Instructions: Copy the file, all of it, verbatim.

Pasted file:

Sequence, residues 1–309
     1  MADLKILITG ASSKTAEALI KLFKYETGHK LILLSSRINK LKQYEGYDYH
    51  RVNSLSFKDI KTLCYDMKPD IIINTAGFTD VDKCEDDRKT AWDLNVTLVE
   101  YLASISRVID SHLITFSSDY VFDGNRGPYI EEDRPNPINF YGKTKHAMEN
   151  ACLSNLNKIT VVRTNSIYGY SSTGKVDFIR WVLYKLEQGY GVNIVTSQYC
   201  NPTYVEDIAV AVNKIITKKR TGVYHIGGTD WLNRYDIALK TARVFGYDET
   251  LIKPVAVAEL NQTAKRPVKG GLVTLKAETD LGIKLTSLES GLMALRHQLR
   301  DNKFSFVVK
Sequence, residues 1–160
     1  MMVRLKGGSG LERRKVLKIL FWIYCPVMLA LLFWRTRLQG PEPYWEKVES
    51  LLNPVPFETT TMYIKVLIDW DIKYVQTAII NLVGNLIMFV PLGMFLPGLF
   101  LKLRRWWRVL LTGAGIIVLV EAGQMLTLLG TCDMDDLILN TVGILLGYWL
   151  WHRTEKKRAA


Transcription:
Sequence, residues 1–309
     1  MADLKILITG ASSKTAEALI KLFKYETGHK LILLSSRINK LKQYEGYDYH
    51  RVNSLSFKDI KTLCYDMKPD IIINTAGFTD VDKCEDDRKT AWDLNVTLVE
   101  YLASISRVID SHLITFSSDY VFDGNRGPYI EEDRPNPINF YGKTKHAMEN
   151  ACLSNLNKIT VVRTNSIYGY SSTGKVDFIR WVLYKLEQGY GVNIVTSQYC
   201  NPTYVEDIAV AVNKIITKKR TGVYHIGGTD WLNRYDIALK TARVFGYDET
   251  LIKPVAVAEL NQTAKRPVKG GLVTLKAETD LGIKLTSLES GLMALRHQLR
   301  DNKFSFVVK
Sequence, residues 1–160
     1  MMVRLKGGSG LERRKVLKIL FWIYCPVMLA LLFWRTRLQG PEPYWEKVES
    51  LLNPVPFETT TMYIKVLIDW DIKYVQTAII NLVGNLIMFV PLGMFLPGLF
   101  LKLRRWWRVL LTGAGIIVLV EAGQMLTLLG TCDMDDLILN TVGILLGYWL
   151  WHRTEKKRAA